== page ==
Stillbirth (obstetric delivery with umbilical cord prolapse)57

Duration of stay (2)

Duration of hospitalization (cardiac resuscitation)48

Patient satisfaction (2)

Patient satisfaction (intrauterine device insertion)73

Patient symptoms / quality of life (0)

(none found in this sample)

Laboratory test results (0)

(none found in this sample)

Patient compliance (0)

(none found in this sample)

Patient motivation (0)

(none found in this sample)

To-patient outcomes: conditions or events that happen to the patient

Procedural success (31)

Successful endotracheal intubation72

 

Reach cecum (colonoscopy)44

 

Successful venous cannulation83

Evaluation of final product (2)

Tissue removed during transurethral resection of prostate67

Accuracy of diagnosis (1)

Major pathology identified (upper gastrointestinal endoscopy)66

Delay in diagnosis (1)

Time to computed tomography (CT) scan (major trauma)65

Delay in critical action (1)

Time to operating room (major trauma)65

*Number of studies reporting one or more outcomes of this type (many studies reported > 1 outcome)

Identified in advance as potential outcomes; none identified in this sample, but included here for completeness of the model

Study Identification

With the assistance of a research librarian, we searched multiple databases including MEDLINE, EMBASE, CINAHL, PsychINFO, ERIC, Web of Science, and Scopus. We also examined the reference lists of key review articles and 190 included articles, and the full table of contents of two journals devoted to health professions simulation. The last search date was May 11, 2011. This search strategy has been published in full.13

Study Selection

To identify studies for inclusion, two reviewers independently screened the titles and abstracts of all potentially eligible articles. For articles that could not be excluded based on title/abstract, we obtained and reviewed the full text, again independently and in duplicate. We resolved all disagreements by consensus. Chance-adjusted interrater agreement, determined using the intraclass correlation coefficient (ICC), was 0.69.

Data Extraction

We abstracted information from each study using a standardized abstraction form. Two independent reviewers abstracted all information for which reviewer judgment was required, with disagreements resolved by consensus. ICC for identification of patient outcomes (vs. other study outcomes) was 0.74. We coded the number and type of patient outcomes (ICC 0.84), and further classified these as within-patient or to-patient events (ICC 1.0).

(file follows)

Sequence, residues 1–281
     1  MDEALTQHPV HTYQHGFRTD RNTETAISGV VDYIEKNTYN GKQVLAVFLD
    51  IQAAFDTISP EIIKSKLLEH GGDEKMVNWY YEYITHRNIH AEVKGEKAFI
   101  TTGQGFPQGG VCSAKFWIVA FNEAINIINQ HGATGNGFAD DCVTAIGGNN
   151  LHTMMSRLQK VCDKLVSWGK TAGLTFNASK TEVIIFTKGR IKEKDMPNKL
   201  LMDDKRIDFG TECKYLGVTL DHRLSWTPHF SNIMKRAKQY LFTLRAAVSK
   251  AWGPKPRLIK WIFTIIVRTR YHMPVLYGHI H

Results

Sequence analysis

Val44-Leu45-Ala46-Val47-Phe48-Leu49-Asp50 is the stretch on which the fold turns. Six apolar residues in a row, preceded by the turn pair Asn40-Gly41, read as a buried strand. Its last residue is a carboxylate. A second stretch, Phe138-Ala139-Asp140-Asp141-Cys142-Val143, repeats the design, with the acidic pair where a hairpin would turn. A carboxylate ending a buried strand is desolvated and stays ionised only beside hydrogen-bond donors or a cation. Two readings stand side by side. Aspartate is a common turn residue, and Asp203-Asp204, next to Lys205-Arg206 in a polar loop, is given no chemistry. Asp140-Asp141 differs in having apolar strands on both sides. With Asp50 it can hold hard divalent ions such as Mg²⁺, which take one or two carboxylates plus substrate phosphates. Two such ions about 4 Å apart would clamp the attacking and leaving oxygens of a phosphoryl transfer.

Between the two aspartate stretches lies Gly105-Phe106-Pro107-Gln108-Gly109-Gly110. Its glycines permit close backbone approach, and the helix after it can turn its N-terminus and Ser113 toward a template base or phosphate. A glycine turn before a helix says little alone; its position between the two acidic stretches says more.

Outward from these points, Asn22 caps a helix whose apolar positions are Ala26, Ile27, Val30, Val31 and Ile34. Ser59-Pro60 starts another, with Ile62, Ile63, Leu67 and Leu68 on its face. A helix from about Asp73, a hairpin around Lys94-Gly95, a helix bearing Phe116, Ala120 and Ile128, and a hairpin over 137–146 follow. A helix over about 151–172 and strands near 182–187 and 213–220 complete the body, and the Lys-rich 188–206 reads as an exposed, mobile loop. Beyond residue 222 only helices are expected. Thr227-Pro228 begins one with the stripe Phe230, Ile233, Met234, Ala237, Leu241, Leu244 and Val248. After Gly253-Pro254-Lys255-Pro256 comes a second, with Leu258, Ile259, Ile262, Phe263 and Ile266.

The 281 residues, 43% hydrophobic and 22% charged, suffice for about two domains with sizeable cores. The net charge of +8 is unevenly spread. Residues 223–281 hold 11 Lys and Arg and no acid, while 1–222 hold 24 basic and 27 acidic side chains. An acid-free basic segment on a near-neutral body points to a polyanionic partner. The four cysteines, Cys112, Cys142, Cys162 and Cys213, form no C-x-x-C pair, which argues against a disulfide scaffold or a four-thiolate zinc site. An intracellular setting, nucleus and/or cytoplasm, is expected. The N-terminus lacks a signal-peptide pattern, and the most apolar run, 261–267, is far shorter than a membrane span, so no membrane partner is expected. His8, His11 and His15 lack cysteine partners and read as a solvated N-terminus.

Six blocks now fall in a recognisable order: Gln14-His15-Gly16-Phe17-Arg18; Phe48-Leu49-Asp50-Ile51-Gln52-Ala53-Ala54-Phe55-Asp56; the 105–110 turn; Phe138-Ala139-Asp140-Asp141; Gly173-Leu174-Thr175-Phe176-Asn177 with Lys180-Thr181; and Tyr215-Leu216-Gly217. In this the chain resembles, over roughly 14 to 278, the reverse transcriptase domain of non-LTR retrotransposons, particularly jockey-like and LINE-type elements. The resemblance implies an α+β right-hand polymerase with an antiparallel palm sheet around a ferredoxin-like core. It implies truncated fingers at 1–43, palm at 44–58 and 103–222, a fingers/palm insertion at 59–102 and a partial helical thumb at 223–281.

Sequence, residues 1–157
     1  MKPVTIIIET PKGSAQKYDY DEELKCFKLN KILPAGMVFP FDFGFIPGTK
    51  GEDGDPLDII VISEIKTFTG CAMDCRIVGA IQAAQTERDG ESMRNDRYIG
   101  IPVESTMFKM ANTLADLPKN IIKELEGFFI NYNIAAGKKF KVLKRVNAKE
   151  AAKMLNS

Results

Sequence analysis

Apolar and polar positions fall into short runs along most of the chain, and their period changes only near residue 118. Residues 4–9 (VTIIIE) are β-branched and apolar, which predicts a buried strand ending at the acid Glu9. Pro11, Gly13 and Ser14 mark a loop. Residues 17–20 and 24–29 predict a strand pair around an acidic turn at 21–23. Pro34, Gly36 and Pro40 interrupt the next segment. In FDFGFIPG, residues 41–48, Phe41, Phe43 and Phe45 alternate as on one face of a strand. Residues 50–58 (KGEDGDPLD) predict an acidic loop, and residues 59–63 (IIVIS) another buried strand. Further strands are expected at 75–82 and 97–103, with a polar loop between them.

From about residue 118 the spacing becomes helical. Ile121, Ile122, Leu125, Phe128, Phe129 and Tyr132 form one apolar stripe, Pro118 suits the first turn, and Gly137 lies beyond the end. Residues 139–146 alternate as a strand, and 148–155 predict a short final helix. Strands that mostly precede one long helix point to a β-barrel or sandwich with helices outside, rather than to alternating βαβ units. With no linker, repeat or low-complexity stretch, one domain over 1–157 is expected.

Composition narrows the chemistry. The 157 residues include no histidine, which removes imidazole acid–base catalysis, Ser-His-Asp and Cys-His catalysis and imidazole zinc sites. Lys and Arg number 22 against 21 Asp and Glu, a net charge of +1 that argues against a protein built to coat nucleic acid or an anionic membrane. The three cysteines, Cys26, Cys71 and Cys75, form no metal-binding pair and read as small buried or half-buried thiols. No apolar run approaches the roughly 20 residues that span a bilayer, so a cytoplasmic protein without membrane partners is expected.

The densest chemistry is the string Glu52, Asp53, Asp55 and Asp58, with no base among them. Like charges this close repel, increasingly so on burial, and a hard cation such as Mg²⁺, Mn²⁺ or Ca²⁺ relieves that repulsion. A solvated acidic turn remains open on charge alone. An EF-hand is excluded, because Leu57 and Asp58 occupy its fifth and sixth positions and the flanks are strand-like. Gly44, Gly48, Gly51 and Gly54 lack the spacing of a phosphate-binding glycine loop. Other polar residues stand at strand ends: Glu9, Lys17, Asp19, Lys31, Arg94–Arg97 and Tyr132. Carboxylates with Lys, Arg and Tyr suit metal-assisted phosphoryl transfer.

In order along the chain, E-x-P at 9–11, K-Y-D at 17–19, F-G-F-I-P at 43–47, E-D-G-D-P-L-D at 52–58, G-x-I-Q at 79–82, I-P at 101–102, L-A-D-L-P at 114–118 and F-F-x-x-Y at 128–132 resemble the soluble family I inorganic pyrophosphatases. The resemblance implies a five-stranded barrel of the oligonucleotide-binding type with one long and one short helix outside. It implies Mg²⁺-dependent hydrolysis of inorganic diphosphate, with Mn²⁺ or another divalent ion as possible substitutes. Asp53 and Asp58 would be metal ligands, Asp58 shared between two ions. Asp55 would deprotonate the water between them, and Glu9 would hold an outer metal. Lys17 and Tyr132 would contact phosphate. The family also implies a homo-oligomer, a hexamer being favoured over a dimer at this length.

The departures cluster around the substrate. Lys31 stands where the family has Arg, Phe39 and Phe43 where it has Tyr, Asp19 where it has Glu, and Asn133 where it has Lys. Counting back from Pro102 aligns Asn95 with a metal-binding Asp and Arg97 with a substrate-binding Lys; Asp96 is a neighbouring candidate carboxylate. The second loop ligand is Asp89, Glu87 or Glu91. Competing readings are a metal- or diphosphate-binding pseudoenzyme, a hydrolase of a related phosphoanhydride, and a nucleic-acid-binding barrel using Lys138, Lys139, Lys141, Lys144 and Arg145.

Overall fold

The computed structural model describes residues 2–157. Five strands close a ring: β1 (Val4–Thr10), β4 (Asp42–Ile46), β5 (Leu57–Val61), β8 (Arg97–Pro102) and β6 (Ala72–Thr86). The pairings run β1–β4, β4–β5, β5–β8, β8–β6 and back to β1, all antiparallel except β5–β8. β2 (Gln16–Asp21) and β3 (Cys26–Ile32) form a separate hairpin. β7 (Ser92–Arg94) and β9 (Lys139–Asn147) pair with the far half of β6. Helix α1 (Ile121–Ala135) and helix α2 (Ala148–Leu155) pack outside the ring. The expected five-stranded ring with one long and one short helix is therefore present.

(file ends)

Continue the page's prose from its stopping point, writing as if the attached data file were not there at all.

We abstracted information on study methods, including outcome validity evidence, study design, method of group assignment, and blinding of assessments, using the Medical Education Research Study Quality Instrument6 (MERSQI) and an adaptation of the Newcastle-Ottawa Scale (NOS) for cohort studies.33 We coded additional methodological issues specific to our research questions, including:
  • the unit of analysis (patient or trainee; ICC 0.61),

  • whether patient outcomes were linked to the trainee or reported in aggregate (ICC 0.83),

  • the data source (trainee, patient, investigator, or patient record; ICC 0.99),

  • a priori power calculation reported (ICC 0.84),

  • patient demographic information reported (ICC .89),

  • patient outcome identified as the primary (vs. secondary) outcome (ICC 0.70), and

  • patient outcome prespecified (i.e., listed as a planned outcome in the study objective or methods; ICC 0.46 with raw agreement 92 %).

Data Synthesis

We synthesized outcomes quantitatively using random-effects meta-analysis. We first calculated a standardized mean difference (Hedges’ g effect size) using methods described previously.13 For articles reporting insufficient information to calculate an effect size, we requested additional information from authors. We conducted separate meta-analyses for studies making comparison with a) no intervention, b) non-simulation instruction, and c) another simulation-based instructional intervention. For all analyses, we planned sensitivity analyses excluding studies that used p-value upper limits or imputed standard deviations to estimate the effect size. We also planned subgroup analyses based on topic, study design (randomized versus nonrandomized and one-group pre-post vs. two-group), unit of analysis (trainee vs. patient), and blinding. We did not conduct subgroup analyses for the non-simulation and simulation–simulation comparisons, due to the paucity of studies.